Insurance carriers of the future have a diverse and intertwined set of risks to manage, but there are abundant opportunities too for those which put societal needs and customers at the heart of risk models in the future, according to a new whitepaper from Reuters Events, titled Next Wave Insurance: Daring to be Different.

“Make no mistake, the multi-trillion-dollar global insurance market of the future will be different,” say the whitepaper’s authors.

“Things are evolving so rapidly in the digital space, the risk is that if you’re wrong today, 24 to 36 months from now, you’re going to be way behind,” they add.

Shifting customers’ perceptions 

The paper states that insurers today are grappling with the effort to shift customers’ perceptions away from seeing insurance as a grudge purchase. They are also needing to ease experiences for clients, agents and brokers alike – an effort that “needs to be unpacked and prioritized,” they write. “Traditionally the customer relationship has been left for agents and brokers to manage.” 

One of the paper’s contributors, Liberty Mutual recommends companies take a technology agnostic approach. “This allows us to be far more specific about the experiences we wish to drive,” says the company’s vice president and senior manager of digital transformation, Sandeep Haridas.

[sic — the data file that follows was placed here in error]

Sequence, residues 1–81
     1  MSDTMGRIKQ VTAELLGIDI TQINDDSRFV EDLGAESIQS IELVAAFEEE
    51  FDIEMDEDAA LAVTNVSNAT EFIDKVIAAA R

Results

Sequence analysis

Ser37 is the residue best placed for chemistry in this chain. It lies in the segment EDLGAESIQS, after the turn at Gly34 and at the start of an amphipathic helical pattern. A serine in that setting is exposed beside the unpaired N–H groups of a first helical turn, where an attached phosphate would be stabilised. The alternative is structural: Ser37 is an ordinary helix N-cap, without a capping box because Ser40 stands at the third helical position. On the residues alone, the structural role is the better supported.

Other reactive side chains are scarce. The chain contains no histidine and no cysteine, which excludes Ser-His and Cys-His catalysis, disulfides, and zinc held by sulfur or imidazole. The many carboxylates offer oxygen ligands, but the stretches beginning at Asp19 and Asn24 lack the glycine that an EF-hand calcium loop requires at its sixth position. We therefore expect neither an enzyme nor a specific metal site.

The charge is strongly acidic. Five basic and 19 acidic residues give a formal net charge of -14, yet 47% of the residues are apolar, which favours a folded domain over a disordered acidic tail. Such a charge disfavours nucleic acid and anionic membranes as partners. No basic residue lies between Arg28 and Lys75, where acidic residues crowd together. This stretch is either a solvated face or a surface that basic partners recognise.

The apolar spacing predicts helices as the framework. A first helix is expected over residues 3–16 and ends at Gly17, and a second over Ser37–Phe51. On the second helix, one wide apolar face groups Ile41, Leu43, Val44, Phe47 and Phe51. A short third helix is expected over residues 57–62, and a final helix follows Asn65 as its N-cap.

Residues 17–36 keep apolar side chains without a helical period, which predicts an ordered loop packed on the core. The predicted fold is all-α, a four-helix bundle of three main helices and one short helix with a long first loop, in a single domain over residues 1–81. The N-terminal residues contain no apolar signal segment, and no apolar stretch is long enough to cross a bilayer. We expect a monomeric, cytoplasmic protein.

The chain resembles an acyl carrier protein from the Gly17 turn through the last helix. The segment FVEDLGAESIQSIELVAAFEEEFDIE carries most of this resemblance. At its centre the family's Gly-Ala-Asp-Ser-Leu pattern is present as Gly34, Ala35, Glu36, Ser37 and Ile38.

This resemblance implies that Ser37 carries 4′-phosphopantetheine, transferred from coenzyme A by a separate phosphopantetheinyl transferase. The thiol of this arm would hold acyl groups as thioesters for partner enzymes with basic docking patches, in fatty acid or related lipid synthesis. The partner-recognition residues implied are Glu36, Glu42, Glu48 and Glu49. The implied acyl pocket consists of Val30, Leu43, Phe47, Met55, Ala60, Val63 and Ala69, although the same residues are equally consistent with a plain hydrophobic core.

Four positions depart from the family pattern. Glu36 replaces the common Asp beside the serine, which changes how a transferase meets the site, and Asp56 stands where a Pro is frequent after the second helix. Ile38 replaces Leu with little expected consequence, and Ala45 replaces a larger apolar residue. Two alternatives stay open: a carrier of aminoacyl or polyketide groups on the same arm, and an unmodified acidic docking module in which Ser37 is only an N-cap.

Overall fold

Pricing transparency 

The paper also reviews trends, including the emerging demand for usage-based insurance, the trend where an increasing number of consumers say they are more likely to consider buying insurance from online service providers like Amazon or Google, and surveys which show that more consumers want pricing transparency.

To improve processes against this backdrop, the paper recommends insurers separate customer experience efforts from work on core systems. “Implement experience layers on top of core systems,” they write. The paper also recommends companies reframe their thinking, test quickly and test often. “Nobody has the perfect answer the first time around.”

Finally, they say it is necessary to bring teams together to develop what the customer needs, adding that building such solutions is no longer the exclusive purview of the professional developer. 

Balancing build and buy 

“A key decision for any carrier is whether to buy or build in-house,” they add. “Through a thoughtful balance of build and buy, your organization can continually evolve, upgrade and innovate.” 

They conclude saying it is clear that companies are taking the customer’s experience seriously, but add that given the current climate and circumstances, insurers need to do more than simply pay lip service to the needs of their customers. “Carriers must first and foremost decide and define how and why they are different. This is a vital step in knowing what digital, customer-centric products and solutions to build,” they state. “Streamlining processes and partnering wisely will be vital because change is inevitable, and insurers must be quick.”